The Adivasis performed Mandal Gajiling, part of Betal puja which entailed show of combat skill.

Earlier in the day, the 22 kithe or categories of Raj Gonds and the Pardhans divided the prasad and the sacred pots collected during the five-day pilgrimage of the Nagoba temple among themselves.

The women of the Patel households washed the feet of the representatives of the 22 kithe as a mark of thanksgiving for their role in making the jatara a success.

The Bheti Korial, the new women members added to the clan by way of marriage also greeted the representatives by saying ‘ram-ram’ and hoped to meet next year at Keslapur.

source: / The Hindu / Home> News> States> Telangana / by Special Correspondent / Adilabad – February 01st, 2017

Cemetery on Residency Building premises to be restored

Safeguarding heritage value: The tomb of the first British resident to be buried in the cemetery behind Residency Building, lies neglected. | Photo Credit: K.V.S. GIRI

One of the major challenges will be to bring the ground to its original level, as more than one feet of debris has accumulated over the years, says an architect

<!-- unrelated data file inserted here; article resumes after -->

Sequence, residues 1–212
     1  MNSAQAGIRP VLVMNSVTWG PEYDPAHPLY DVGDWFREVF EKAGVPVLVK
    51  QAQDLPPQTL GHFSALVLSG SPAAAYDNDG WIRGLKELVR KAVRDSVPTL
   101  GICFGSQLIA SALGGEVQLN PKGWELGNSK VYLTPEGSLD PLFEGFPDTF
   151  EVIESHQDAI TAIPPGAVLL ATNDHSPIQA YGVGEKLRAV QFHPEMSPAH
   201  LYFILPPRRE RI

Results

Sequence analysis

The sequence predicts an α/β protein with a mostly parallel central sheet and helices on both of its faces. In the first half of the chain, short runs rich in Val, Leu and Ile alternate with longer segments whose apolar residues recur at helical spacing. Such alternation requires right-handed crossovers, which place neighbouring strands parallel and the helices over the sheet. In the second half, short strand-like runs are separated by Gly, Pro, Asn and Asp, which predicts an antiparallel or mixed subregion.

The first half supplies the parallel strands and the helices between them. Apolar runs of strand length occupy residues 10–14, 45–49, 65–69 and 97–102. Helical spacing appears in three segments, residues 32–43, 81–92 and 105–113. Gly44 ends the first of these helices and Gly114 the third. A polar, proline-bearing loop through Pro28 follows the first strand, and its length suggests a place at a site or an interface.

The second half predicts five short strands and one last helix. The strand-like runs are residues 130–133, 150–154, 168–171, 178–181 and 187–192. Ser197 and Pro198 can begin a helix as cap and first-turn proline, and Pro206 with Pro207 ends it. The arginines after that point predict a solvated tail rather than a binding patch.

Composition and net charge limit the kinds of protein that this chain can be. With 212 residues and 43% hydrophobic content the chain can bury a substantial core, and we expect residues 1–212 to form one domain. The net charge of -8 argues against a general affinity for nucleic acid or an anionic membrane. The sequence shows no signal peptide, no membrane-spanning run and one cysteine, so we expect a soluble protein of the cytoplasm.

On October 22, 1807, Francis Sydenham, the then British resident, was buried in the cemetery yards away from the Residency Building on Koti Women’s College premises. Years later, two more residents and another 39 Britishers living in Hyderabad were laid to rest at the same place, adding to the city’s history.

Largely forgotten, the cemetery is a case of neglect leading to some of the tombstones having been damaged over the years. For instance, the grave of Sydenham is built on a pavilion, which now has damaged columns. Similar is the fate of other graves, including that of the second British resident George Busby. The head of his grave’s tombstone lay broken there, while some others have collapsed.

However, there is a good news for the cemetery, as it will be restored along with the Residency Building, which is currently under restoration. N.R. Visalatchy, Director of State Department of Archaeology and Museums, said work there will also be taken up in the coming days. “There is a lot of damage there, and as of now, the cleaning has been completed,” she told The Hindu.